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Go for reusables in July

Purchase reusable in July.

Like every year since 2011, Plastic Free July invites you to accept the challenge and refuse to use single-use plastic. This is a global initiative, and you can express your support by participating in different activities. Zero Waste Europe encourages you to participate and set an example for others.

We will also celebrate International Day without Plastic Bags on July 3rd. Because what better represents the current plastic crisis than the ubiquitous disposable plastic bags? It was even found at the bottom of the Mariana Trench 10.926 m below the water surface.

A recent landmark legislation paved the way

This spring, the European Union approved a new groundbreaking legislation to reduce the consumption of single-use plastic products across Europe and at the same time solve the pollution problem of these products (referred to in this article as the SUP of the Single-use Plastics Directive). These new rules on the consumption, design and management of single-use plastics include:

European bans on disposable plastic tableware, plates, straws, cotton swab sticks, plastic balloon sticks, and mobile food containers and expanded polystyrene beverage cups will take effect from July 2021. To the bottles by 2024, and to collect 90% of the plastic bottles separately by 2029. Many manufacturers of single-use plastics (such as packaging and wrapping paper, plastic bags, bottles and cups) are obliged to bear the waste costs for the collection and disposal of these products and the costs associated with clean-up (through the so-called EPR-Extended Producer Responsibility) .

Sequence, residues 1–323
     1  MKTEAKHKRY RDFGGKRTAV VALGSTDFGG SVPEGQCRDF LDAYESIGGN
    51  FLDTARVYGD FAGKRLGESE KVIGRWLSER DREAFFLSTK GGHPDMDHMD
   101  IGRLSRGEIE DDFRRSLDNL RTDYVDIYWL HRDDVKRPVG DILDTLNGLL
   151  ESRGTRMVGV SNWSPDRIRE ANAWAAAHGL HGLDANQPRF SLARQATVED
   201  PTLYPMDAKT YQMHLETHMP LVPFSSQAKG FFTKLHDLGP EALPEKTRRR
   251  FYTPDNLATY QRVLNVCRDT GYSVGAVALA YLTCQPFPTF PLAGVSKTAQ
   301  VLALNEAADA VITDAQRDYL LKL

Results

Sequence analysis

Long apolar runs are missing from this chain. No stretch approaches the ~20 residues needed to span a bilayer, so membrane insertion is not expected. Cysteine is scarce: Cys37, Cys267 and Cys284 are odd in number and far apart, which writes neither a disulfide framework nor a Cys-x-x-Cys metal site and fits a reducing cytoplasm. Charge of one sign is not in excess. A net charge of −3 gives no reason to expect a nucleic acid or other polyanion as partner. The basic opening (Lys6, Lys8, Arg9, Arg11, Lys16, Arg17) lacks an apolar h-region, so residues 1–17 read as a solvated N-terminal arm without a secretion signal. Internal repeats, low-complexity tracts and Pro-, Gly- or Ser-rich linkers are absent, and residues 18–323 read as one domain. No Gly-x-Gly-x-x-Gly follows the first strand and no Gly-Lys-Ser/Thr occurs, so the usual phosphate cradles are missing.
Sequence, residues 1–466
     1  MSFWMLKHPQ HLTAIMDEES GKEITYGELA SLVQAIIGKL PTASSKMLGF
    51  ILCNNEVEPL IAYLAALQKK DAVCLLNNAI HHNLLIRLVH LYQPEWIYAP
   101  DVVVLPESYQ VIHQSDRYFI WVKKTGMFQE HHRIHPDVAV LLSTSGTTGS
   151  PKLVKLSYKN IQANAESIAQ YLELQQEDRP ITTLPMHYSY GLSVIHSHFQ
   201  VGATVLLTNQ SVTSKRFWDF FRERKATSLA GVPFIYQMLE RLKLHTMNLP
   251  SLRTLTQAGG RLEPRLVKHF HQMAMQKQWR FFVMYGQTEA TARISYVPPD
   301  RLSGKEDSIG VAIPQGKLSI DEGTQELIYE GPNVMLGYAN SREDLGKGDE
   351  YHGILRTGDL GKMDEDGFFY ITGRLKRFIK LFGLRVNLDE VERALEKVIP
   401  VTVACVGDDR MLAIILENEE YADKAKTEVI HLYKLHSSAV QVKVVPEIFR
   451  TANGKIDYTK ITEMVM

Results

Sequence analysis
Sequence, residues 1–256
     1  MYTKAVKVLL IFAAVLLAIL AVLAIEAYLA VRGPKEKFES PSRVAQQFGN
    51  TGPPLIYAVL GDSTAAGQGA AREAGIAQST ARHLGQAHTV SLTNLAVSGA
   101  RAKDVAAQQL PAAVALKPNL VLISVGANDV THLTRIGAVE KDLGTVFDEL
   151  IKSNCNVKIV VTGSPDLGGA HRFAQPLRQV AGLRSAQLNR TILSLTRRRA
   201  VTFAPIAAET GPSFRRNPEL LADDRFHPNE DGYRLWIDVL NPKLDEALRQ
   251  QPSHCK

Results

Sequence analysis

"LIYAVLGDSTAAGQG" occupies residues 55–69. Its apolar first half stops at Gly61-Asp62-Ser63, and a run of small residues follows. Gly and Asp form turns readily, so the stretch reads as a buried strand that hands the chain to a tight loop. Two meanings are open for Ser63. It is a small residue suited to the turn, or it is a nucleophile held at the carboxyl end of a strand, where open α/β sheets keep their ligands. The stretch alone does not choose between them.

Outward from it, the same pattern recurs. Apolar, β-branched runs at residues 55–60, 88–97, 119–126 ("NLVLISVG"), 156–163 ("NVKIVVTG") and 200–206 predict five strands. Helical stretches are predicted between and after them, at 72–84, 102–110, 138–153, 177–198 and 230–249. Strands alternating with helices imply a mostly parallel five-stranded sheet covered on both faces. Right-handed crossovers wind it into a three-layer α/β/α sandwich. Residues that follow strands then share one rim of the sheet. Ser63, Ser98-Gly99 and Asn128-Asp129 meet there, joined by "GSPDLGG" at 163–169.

In other words, companies such as Coca-Cola, Pepsi and Nestlé (the three most notorious polluters identified in a recent brand audit) will have to pay for waste management and bottle cleaning.

Importantly, the new rules apply to all single-use plastics listed in the legislation, whether they are made from fossil fuels (traditional plastics) or plants (bio-based plastics), and whether they are compostable or not. This detailed analysis provides additional measures related to the labeling and awareness of reusable alternatives.

Bio-based plastics and so-called "biodegradable" plastics are not the solution to plastic pollution. The sustainable solution lies in reduction and reuse.

How does our government make it a reality?

These new ambitious goals will only help solve the single-use plastic problem, provided that European countries take a proactive approach to effectively implement these goals. EU legislation leaves room for maneuver for countries that take measures to achieve the above goals.

We can think of it as flexibility, but it also creates the risk of countries not taking concrete steps to achieve established goals.

This is why "Zero Waste Europe" encourages countries to ban the use of mobile food containers and cups, or at least adopt high emission reduction targets by 2025. "Zero Waste Europe" also encourages governments to develop deposit return plans for bottles to ensure their collection and reuse. This also applies to other plastic products, such as cups and takeaway food containers.

Establishing strong producer responsibility is also the key to ensuring that producers bear the costs associated with the management and cleaning of their plastics. The government can incentivize companies to redesign their products and delivery systems by ensuring that producers of non-recyclable or difficult-to-recycle products make more contributions. For example, this can be achieved through a bonus system also known as ecological regulation.

Next steps

Before the official regulations come into effect, you can reduce pollution in many ways. First switch to reusable items (bags, bottles, etc.)

And refuse to use disposable plastics (straws, cutlery, etc.). Using refillable bottles and canvas bags will not affect your lifestyle or make it more difficult. It may look like a drop of water in the (plastic) ocean, but if we do it together, it will really make a difference!

Plastic-free July is a great opportunity to try and help the environment where we are all involved! Follow #breakfreefromplastic

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